During this season of Lent, we are taking a deeper dive into our expressions of gratitude. In doing so, we are guided by the book Grateful: The Transformative Power of Giving Thanks by Diana Butler Bass and companion content from The Work of the People.
Rev. Jeri Newell-Davis from St. Mark’s UMC will bring Sunday’s message and she shares the following:
It’s Sunday afternoon, and the sun is shining, although clouds are beginning to form. The weather report says we will get more rain. This seems to be a pattern right now, rain, sun, rain, sun. But having come through droughts we know how important the rain is for our earth, and for our survival as people of the earth. I give thanks for the rain that heals creation.
Many of you may be feeling a bit anxious about staying indoors during this pandemic, and I don’t blame you. This is not what we are accustomed to. We are creatures of habit, people who like our freedom. But I know the pandemic, like the drought, will end and we will have the freedom to go about our routines once again. And we will give thanks when this season has ended.
But what if we gave thanks now? What if we looked at the abundance of what is around us now? Maybe it’s hard to imagine abundance as we stroll aisles of stores with bare shelves, but now we have time to do those things we postponed by saying, “If I only had time, I’d do (fill in the blank).” For me it might be cleaning my home office, or binge watch Amazon Prime Movies. There is probably an abundance of projects you’ve deferred, like me. It is easy to say, “If I only had time” but when time arrives, sometimes we are too tired to do anything. If you choose to do nothing, that is good too. We can all use some rest. I give thanks to God for Sabbath time.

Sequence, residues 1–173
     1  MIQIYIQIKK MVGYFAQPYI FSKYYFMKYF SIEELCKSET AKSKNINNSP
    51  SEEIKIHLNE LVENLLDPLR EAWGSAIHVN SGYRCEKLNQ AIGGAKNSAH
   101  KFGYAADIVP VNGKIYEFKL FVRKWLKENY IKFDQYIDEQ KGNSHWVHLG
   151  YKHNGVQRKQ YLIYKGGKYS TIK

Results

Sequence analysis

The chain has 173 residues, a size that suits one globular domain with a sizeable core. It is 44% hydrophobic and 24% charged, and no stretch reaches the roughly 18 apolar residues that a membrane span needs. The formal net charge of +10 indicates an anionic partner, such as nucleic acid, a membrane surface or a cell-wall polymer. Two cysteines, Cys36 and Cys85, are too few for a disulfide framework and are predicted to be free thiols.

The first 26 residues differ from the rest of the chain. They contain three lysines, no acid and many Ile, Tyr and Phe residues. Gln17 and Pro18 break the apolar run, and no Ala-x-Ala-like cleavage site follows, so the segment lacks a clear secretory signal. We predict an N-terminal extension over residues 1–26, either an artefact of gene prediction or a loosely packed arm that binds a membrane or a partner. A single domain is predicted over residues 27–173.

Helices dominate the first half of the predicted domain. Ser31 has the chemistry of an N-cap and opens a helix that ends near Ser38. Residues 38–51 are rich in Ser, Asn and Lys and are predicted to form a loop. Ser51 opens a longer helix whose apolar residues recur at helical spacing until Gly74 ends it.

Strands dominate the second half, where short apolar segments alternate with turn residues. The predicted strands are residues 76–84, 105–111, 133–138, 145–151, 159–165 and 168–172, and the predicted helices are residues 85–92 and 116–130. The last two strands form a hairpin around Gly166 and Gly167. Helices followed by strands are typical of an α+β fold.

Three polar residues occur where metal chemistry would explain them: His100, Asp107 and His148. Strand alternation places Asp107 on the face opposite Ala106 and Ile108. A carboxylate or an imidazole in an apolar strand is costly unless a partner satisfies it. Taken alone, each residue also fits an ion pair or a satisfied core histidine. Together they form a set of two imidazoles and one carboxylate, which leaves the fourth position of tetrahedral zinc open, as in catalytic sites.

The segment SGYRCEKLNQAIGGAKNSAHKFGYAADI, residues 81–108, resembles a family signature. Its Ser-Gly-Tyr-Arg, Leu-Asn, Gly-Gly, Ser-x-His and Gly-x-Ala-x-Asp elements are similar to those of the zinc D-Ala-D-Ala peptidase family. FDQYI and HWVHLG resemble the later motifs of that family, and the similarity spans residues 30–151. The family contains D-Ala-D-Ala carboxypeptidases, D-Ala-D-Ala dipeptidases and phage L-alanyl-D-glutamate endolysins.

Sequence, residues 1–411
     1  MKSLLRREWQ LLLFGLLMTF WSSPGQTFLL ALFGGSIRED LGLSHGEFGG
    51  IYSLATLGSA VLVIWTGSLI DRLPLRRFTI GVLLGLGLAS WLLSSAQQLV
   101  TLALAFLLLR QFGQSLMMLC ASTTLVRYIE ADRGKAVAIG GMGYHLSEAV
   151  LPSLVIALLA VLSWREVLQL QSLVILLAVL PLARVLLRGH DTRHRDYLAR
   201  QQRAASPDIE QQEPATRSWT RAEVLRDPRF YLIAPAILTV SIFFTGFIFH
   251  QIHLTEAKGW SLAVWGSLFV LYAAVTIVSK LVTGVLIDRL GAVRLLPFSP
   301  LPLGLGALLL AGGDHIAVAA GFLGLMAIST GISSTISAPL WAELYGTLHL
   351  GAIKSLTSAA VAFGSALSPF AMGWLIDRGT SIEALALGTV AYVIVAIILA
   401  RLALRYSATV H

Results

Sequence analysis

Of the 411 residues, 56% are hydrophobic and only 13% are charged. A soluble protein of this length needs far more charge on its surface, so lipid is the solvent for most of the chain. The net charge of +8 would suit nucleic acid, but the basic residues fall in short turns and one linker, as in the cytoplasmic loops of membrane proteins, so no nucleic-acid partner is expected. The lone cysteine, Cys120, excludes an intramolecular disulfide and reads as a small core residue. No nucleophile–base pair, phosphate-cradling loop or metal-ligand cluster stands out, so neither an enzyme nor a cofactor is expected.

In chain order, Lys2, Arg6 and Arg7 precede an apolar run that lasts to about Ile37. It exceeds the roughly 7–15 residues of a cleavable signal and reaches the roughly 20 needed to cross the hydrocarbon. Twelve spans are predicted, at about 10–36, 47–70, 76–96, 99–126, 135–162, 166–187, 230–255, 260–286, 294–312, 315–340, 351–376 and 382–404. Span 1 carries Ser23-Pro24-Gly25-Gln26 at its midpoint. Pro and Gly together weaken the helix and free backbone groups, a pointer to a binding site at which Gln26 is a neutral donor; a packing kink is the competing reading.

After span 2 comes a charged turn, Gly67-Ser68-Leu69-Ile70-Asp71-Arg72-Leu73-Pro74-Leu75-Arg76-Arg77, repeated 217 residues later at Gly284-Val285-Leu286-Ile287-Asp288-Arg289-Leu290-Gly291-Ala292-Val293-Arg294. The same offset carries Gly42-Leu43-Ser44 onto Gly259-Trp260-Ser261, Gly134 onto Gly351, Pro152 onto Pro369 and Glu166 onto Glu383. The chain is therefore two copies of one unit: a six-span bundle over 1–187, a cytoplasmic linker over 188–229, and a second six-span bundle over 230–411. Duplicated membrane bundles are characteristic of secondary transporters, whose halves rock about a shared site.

Luke 7:36-50 (CEB)
36One of the Pharisees invited Jesus to eat with him. After he entered the Pharisee’s home, he took his place at the table. 37Meanwhile, a woman from the city, a sinner, discovered that Jesus was dining in the Pharisee’s house. She brought perfumed oil in a vase made of alabaster. 38Standing behind him at his feet and crying, she began to wet his feet with her tears. She wiped them with her hair, kissed them, and poured the oil on them. 39When the Pharisee who had invited Jesus saw what was happening, he said to himself, If this man were a prophet, he would know what kind of woman is touching him. He would know that she is a sinner.
40Jesus replied, “Simon, I have something to say to you.”
“Teacher, speak,” he said.
41“A certain lender had two debtors. One owed enough money to pay five hundred people for a day’s work. The other owed enough money for fifty. 42When they couldn’t pay, the lender forgave the debts of them both. Which of them will love him more?”
43Simon replied, “I suppose the one who had the largest debt canceled.”
Jesus said, “You have judged correctly.”
44Jesus turned to the woman and said to Simon, “Do you see this woman? When I entered your home, you didn’t give me water for my feet, but she wet my feet with tears and wiped them with her hair. 45You didn’t greet me with a kiss, but she hasn’t stopped kissing my feet since I came in. 46You didn’t anoint my head with oil, but she has poured perfumed oil on my feet. 47This is why I tell you that her many sins have been forgiven; so she has shown great love. The one who is forgiven little loves little.”
48Then Jesus said to her, “Your sins are forgiven.”
49The other table guests began to say among themselves, “Who is this person that even forgives sins?”
50Jesus said to the woman, “Your faith has saved you. Go in peace.”
Consider these questions:
- What is gratitude to you? What does it look like? What does it feel like?
- What is abundance? Have you experienced abundance? If so, what does it feel like? If not, what does its absence feel like?
So appreciate that our 2 reconciling churches are livestreaming together. Blessings on all,